Le Baron Pierre De Coubertin

- Dec 07, 2017 -


I believe when you see this news headline, you already know who I am talking about.

That's right, Pierre De Coubertin,The father of the Olympic Games

Since his childhood, Mr. Pierre De Coubertin, our honored the father of the Olympic Games, has had a great interest in sports and enjoys boxing, boating, fencing and horse riding. In the student age, he had a strong interest in literature and history courses, and interestingly involved in the splendid culture of ancient Greece. This is because he admires the erudite rhetoric teacher Caron.

The spark that sparked Pierre De Coubertin's commitment to physical education was a famous saying by 18th-century British children's educator Tom Arnold: Exercise is an activity of youth self-education.

In the Franco-Prussian War of 1870, he was deeply saddened by French defeat and hoped to rejuvenate France by reforming education and enhancing people's physique.

From 1875 to 1881, the site of the ruined, immortal ancient Olympic site was continuously excavated with the efforts of European archaeologists, and the results of the excavations were promptly published every year. As a result, Mr. Coubertin, like all other interested parties in Olympia, listened promptly to the announcement. In this regard, he proposed a very valuable mining plan. At that time he wrote: "The Germans unearthed the ruins of Olympia, but why France can not begin to restore her ancient glorious history?" In 1890, he finally had the opportunity to visit Greece's Mount Olympia, the birthplace of the ancient Olympic Movement. When he saw the site of the ancient Olympic Games, he felt very mixed with the idea of hosting the Olympic Games attended by various countries in order to promote friendship among athletes from all over the world. And he believes that to promote the ancient Olympic spirit can promote the development of international sports.

On December 25, 1892, Mr. Pierre De Coubertin delivered a speech in which he first proposed the "Revival of the Olympic Movement."

After many years of hard work and careful preparations by Mr. Coubertin and his colleagues, the "Resumption of the Olympic Games Congress" took place in Paris from June 18 to 18, 1894. In order to organize the modern Olympic Games, the Olympic Games has also been formally established as a permanent leading body - the International Olympic Committee. Zevkálas, a famous Greek poet, was elected as the first president and Mr. Coubertin was elected as the secretary general. The meeting also decided that the first modern Olympic Games in April 1896 in Greece. After the ancient Olympic Games by tradition, held once every 4 years.

In October 1894, Mr. Coubertin again conducted a field visit to the Olympia area. In order to save money and convenient transportation, he canceled his intention to hold a sports meeting in Olympia and decided to hold the first Olympic Games in modern Greece in the style of a new Olympic stadium in Athens that can accommodate 5,000 spectators. After Mr. Coubertin's multifaceted efforts and active efforts, the first Olympic Games was successfully held in Athens on April 5, 1896, with the support of Greek businessman George Avilov.

Since then, Mr. Coubertin devoted himself to the modern Olympics.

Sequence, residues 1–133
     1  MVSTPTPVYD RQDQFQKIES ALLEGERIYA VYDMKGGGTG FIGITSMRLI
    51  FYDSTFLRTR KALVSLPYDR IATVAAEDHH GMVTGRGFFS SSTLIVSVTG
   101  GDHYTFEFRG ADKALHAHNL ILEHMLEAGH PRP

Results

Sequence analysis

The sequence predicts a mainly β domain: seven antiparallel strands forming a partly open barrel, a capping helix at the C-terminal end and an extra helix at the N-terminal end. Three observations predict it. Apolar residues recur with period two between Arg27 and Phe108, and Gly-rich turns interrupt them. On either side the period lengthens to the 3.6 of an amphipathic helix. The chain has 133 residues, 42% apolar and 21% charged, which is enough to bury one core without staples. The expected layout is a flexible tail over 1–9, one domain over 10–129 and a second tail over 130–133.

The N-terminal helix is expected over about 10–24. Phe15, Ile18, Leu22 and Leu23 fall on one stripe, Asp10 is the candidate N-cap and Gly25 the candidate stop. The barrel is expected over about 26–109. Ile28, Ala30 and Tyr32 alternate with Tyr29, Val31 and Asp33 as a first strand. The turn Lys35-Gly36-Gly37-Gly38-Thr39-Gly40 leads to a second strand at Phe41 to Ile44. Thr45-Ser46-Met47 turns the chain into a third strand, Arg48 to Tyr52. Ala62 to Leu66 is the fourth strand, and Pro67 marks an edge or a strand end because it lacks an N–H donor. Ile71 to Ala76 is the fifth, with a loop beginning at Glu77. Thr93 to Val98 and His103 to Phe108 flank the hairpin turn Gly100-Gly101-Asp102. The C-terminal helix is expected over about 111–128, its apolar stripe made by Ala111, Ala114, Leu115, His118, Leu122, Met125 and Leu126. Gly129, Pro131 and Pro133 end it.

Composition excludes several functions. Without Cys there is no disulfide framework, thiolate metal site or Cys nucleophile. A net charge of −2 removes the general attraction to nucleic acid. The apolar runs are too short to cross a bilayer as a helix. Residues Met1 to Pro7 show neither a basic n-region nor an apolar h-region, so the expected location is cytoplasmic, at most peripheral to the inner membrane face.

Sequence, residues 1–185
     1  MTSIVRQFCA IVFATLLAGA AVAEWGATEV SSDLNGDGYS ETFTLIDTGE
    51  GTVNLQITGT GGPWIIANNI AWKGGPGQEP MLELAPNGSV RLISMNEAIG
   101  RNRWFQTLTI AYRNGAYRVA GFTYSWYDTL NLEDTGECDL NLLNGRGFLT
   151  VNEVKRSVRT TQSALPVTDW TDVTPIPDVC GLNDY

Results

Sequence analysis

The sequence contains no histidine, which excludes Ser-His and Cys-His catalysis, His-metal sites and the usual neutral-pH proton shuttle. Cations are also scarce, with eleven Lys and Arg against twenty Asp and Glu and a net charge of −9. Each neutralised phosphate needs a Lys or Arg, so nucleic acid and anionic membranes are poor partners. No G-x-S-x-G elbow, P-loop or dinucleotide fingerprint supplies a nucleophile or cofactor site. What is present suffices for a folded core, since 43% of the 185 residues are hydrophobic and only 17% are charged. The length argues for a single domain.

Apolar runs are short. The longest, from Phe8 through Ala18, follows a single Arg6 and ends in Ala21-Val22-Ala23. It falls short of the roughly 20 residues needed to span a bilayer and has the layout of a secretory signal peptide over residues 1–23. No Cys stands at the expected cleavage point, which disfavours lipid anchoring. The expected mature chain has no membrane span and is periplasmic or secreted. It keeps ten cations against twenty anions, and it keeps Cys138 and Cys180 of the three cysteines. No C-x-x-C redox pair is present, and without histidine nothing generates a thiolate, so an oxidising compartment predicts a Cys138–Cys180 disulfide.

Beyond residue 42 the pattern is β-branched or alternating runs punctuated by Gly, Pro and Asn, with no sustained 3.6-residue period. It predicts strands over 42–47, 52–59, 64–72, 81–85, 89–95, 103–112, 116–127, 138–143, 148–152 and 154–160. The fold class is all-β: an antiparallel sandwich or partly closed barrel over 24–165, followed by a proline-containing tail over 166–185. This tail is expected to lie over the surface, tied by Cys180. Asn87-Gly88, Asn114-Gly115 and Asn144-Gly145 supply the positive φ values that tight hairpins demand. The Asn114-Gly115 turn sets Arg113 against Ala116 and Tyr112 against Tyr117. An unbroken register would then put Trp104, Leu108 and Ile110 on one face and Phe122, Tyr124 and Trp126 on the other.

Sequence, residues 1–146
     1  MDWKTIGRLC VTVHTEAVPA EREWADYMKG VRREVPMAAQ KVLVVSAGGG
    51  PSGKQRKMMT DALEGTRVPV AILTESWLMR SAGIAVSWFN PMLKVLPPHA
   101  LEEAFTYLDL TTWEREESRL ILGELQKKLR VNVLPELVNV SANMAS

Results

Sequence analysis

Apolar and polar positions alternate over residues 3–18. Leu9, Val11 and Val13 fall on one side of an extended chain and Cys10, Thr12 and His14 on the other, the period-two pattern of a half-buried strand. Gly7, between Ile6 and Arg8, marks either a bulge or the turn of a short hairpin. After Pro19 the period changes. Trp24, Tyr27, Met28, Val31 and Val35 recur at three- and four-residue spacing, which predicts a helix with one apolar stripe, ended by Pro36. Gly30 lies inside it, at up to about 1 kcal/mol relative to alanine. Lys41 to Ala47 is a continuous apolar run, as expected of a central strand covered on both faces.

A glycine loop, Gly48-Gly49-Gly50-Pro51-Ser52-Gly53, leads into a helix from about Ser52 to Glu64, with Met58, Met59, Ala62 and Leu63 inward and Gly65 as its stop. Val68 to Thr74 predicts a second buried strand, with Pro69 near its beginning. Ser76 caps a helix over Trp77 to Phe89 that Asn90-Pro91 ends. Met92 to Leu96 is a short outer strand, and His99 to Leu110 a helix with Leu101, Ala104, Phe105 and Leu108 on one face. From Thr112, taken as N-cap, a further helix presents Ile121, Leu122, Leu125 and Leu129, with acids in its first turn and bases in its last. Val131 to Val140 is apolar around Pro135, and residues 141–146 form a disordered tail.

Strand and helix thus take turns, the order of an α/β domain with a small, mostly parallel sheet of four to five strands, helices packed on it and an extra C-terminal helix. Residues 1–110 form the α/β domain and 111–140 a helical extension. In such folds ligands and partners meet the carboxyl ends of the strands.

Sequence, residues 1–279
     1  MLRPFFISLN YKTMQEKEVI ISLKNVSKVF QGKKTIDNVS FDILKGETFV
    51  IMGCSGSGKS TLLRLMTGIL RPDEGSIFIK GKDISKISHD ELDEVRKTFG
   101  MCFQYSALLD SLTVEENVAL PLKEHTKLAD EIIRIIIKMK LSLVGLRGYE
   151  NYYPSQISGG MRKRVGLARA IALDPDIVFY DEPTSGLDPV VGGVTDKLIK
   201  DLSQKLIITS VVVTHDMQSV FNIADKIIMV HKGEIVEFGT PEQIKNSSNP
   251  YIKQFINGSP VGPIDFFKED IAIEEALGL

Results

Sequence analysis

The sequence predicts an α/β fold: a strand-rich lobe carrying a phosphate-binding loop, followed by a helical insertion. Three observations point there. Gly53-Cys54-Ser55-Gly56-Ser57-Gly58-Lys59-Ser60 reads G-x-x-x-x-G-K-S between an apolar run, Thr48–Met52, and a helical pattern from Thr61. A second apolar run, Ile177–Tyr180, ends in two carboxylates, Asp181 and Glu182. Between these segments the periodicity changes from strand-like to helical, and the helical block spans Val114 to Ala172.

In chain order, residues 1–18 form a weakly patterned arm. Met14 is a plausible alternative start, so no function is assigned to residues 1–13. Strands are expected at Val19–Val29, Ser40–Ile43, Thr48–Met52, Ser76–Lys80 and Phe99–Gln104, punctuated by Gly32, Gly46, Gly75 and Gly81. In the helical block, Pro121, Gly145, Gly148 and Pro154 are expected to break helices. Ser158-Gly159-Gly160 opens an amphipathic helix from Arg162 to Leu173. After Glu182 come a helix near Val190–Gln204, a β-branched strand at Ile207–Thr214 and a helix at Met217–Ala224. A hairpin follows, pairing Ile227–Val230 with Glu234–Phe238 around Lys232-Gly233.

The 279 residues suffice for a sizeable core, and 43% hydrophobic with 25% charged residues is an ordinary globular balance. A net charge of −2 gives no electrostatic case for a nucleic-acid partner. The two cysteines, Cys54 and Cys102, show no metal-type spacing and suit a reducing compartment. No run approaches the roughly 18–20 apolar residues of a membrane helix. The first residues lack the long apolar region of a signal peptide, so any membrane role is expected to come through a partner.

To defend the purity of the Olympic spirit, in 1912, Mr. Coubertin published his famous "Ode to Sports" during the Stockholm Olympics. Enthusiastic singing of sports, express his Olympic ideal. To this end, he won the Olympic gold medal literary arts competition.

In 1913, Mr. Coubertin carefully designed the flag for the International Olympic Committee, which was surrounded by five colored rings of blue, black, red, yellow and green in the middle to form a white boundless flag. It symbolizes the unity of the five continents and the world's athletes meet at the Olympic Games in a fair, frank and friendly manner.


He also advocated the release of the Olympic flame, the establishment of the Olympic Cup and so on. In determining the slogan of the Olympic Games, Mr. Coubertin initially felt that the competition should be guided by the slogan "Unity, Friendship and Peace." Later, one of his friends, Father Dendi, put forward the slogan "Faster, Higher, Stronger" and was appraised by Mr. Coubertin as a manifestation of the great spirit of mankind always going up and going forward. He later recommended it as International Olympic Games slogan.

In addition, Mr. Coubertin also pioneered the field of sports psychology. He published masterpieces such as "Psychomotor Theory" (1913) and "Athletics Education" (1919). He also published his opinions on sports classification and made his contribution to sports academic research.

From 1896 to 1925, Mr Coubertin served as president of the International Olympic Committee. Responsible for the organization's leadership. During his tenure, the number of members of the International Olympic Committee has grown from 14 to 40. At the same time, with his support, has set up more than 20 international special sports federation. In 1924, due to his advanced age, he voluntarily resigned as chairman of the IOC for 28 years. However, he was hired for a lifetime as an honorary chairman.

On September 2, 1937, Le baron Pierre De Coubertin died of a heart attack in Lausanne at the age of 74 years. Following his last wishes, his remains were buried in Lausanne, Switzerland, while his heart was buried in Olympia, the birthplace of the ancient Greek Olympics. He hoped that even if he had long been buried in the ground, but his heart still beating with the pulse of the Olympic movement.


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